While he may be the patron saint of Ireland, he was NOT the first to bring Christianity to this island. That distinction goes to a bishop named Palladius who came from Gaul and mostly hung out in Leinster when he got here, setting up churches in that small area. He was sent by the pope to preach to ‘the Irish who believe in Christ.’ But Palladius had zip when it came to PR, so people pretty much forgot about him. In fact, if Palladius and Patrick were 21st century authors, Palladius would be the guy who published his own e-book and sold 12 copies to his family members. Patrick would be 50-shades of E.L. James.

How did Patrick get such outstanding publicity in the 5th century? He made up stories, of course.

According to research conducted by Cambridge University professor, Roy Flechner, ‘The traditional story that Patrick was kidnapped from Britain, forced to work as a slave, but managed to escape and reclaim his status, is likely to be fiction. The story was instigated by Patrick himself in the letters he wrote, because this is how he wanted to be remembered.’

Even more interesting, it’s probable that Patrick owned slaves and became a slave trader in Ireland. This is based, in part, on early medieval Irish legal texts which regulate the church’s ownership of slaves. Since there was no monetary economy in Ireland at that time, slave trading was the main basis for the economy. Slaves were also, frequently, used for sex. And, yes, the church was a major slave owner.

Flechner adds, ‘Escaped slaves had no legal status and could be killed or recaptured by anyone. The probability Patrick managed to cross from his alleged place of captivity in western Ireland back to Britain undetected, is small.’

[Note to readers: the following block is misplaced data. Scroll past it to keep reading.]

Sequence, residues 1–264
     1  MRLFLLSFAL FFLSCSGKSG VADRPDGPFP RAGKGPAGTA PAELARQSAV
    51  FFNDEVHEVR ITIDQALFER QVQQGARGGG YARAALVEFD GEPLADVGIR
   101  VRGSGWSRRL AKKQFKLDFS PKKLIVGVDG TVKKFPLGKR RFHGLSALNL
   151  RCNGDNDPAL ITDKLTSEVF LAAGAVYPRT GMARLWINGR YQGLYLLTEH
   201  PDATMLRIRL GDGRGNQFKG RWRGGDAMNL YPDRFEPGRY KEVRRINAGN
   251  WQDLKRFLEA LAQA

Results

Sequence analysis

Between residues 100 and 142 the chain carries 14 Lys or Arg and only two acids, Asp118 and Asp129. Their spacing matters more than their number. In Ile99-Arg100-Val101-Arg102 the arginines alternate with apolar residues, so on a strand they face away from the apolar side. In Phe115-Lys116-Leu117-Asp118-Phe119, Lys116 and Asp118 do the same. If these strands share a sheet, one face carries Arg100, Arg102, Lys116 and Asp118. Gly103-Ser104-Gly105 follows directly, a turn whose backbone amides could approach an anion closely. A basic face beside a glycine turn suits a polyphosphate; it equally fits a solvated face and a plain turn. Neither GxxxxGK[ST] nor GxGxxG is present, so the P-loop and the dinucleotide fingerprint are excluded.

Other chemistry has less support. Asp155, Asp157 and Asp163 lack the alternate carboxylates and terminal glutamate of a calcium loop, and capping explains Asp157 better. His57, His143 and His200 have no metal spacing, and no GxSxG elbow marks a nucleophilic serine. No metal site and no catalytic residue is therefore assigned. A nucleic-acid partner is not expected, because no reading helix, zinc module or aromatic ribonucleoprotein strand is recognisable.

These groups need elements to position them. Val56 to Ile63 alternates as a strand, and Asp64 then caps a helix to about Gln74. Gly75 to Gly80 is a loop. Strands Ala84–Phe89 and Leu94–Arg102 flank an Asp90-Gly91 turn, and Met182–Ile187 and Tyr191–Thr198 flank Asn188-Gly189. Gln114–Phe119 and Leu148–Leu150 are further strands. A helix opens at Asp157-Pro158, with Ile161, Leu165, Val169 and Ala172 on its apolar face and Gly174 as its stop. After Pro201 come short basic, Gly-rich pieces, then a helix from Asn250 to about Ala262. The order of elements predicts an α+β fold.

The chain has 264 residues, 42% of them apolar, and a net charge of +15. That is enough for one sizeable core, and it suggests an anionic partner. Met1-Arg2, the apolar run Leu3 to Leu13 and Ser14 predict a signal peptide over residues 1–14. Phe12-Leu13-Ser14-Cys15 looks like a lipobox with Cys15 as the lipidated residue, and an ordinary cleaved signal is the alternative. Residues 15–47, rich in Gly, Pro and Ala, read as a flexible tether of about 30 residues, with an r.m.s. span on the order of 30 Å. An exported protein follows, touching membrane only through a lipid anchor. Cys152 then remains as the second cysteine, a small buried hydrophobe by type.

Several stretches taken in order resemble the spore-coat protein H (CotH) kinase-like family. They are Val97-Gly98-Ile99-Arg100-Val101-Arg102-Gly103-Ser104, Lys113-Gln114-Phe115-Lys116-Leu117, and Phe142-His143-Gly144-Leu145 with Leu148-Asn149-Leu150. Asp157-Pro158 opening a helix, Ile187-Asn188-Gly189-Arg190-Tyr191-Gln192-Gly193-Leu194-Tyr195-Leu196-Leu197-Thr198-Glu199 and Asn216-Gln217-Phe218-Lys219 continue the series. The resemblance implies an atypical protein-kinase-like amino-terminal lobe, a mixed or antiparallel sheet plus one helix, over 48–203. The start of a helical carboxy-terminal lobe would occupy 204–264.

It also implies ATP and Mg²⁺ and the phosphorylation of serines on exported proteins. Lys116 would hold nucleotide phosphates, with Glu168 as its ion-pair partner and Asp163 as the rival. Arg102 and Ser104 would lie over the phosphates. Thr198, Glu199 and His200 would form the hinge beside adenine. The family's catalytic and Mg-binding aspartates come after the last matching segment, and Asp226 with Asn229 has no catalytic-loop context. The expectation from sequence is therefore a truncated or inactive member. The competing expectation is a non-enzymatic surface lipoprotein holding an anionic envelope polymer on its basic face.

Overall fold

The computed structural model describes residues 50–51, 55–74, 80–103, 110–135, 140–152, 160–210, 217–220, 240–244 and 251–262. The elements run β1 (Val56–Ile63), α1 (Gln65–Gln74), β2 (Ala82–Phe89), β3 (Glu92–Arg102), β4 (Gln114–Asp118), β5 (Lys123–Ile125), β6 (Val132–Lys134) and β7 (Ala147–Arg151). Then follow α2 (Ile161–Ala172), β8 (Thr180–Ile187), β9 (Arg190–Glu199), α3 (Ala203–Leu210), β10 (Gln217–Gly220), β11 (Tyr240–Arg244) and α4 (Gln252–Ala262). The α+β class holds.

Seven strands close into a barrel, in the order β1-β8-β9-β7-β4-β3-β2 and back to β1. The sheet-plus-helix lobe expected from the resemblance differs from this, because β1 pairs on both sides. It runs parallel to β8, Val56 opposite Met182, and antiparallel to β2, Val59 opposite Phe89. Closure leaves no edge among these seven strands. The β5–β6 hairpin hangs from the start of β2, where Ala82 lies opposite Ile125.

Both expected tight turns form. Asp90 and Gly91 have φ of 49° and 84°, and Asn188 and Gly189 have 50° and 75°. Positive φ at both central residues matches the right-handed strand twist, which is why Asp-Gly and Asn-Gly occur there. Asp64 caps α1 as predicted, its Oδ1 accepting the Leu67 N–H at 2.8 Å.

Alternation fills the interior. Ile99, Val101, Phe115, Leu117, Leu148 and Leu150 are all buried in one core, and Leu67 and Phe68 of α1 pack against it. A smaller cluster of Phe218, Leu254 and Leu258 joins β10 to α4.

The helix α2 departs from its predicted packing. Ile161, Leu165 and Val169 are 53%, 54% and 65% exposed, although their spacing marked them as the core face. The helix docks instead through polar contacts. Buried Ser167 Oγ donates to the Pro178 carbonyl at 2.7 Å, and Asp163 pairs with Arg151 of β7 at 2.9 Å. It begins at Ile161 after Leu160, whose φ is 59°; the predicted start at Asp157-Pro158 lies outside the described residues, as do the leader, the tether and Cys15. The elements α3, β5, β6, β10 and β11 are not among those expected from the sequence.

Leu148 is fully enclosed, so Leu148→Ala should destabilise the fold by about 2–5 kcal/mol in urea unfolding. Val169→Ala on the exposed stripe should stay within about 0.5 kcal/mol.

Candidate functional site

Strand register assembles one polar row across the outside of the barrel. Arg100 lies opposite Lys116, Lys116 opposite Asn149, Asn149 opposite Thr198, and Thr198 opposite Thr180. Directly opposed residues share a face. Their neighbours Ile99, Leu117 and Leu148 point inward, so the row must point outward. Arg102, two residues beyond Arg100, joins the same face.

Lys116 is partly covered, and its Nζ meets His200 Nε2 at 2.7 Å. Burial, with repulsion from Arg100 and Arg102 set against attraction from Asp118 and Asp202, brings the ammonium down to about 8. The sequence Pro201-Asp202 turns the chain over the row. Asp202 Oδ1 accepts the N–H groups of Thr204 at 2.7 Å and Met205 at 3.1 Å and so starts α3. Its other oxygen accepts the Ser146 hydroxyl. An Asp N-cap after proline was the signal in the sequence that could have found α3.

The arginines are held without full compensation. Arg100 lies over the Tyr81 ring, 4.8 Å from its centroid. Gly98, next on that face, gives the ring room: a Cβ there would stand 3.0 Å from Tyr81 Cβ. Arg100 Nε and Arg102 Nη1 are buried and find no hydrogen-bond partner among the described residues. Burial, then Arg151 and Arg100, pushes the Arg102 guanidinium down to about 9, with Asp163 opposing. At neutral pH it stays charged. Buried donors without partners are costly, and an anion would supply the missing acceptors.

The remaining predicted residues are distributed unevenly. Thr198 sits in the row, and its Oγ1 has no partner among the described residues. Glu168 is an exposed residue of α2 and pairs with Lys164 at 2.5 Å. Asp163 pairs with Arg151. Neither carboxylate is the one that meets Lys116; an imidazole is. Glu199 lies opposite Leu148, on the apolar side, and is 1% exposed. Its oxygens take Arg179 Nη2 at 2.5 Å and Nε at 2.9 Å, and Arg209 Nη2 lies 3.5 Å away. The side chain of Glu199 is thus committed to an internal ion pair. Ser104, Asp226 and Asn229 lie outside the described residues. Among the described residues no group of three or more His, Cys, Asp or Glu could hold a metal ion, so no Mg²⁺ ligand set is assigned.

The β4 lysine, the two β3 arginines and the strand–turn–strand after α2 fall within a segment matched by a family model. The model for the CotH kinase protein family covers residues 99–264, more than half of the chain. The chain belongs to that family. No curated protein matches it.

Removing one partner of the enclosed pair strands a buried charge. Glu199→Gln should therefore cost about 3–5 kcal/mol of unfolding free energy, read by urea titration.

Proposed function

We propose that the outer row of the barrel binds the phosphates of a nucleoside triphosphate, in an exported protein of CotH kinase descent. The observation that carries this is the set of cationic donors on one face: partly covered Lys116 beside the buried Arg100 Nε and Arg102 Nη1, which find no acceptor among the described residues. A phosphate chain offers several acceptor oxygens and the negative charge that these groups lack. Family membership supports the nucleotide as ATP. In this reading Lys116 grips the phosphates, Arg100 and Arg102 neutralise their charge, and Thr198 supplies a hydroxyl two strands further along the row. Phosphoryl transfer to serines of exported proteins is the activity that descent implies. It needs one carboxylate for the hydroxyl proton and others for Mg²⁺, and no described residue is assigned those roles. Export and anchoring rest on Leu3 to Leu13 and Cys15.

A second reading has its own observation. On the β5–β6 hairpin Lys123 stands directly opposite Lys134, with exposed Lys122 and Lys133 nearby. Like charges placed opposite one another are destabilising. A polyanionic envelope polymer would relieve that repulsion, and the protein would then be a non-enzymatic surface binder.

A 7th century cleric wrote that Patrick took a liking to a boy he had converted to Christianity and named Benignus. The boy, ‘took Patrick’s feet between his hands and would not sleep with his father and mother, but wept unless he would be allowed to sleep with Patrick.’ They had a close, lifelong companionship, and Benignus succeeded Patrick as bishop of Armagh.

Another story about yer man Patrick that’s really more symbolism than fabrication is the one about driving the snakes out of Ireland. Since there never were any snakes here, this one is in reference to the fact that Patrick led a fight to have Druid priests and priestesses expelled from the country or killed. His main gripe was that Druids worshipped a Mother Goddess. He seems to have forgotten, their Goddess was his God’s mother. But, of course, Patrick wasn’t the first to wipe out the indigenous culture of a country through religious imperialism.

No matter how you celebrate this green holiday, you might want to follow Patrick’s lead the next time you have to compose your own bio. Maybe add in a little snippet about how you were captured by pirates before you managed to drive all the duck-billed platypuses out of lower Manhattan. You could get centuries of good publicity out of it.


It's springtime--or Imbolc--in Ireland, that quarter of the year from 1 February through 30 April. Traditionally, February 1st is when farmers ready the ground for planting. Potatoes are planted just after Paddy's Day. Now, the daffodils are smiling, and baby animals are being welcomed into the world.

As the Celtic shaman, Caitlin Matthews writes, "Spring is the time to appreciate innocence, truth and justice, to make plans and prepare for the unfolding year." It's time to celebrate with your inner child!

On my walks down to the lake, the earth is positively bursting with life. I can feel the nature spirits--dryads of the trees, undines in the lake, gnomes amid the rocks--on the edge of this world. The air throbs with their curiosity and their willingness to help or hinder.

This is a wonderful time to go to a wild place and stand barefoot on the earth. It may be too cold to do this for more than a few minutes, but if you try it, the earth will give you a gift -- an infusion of it's power and energy to spring forth into this glorious season.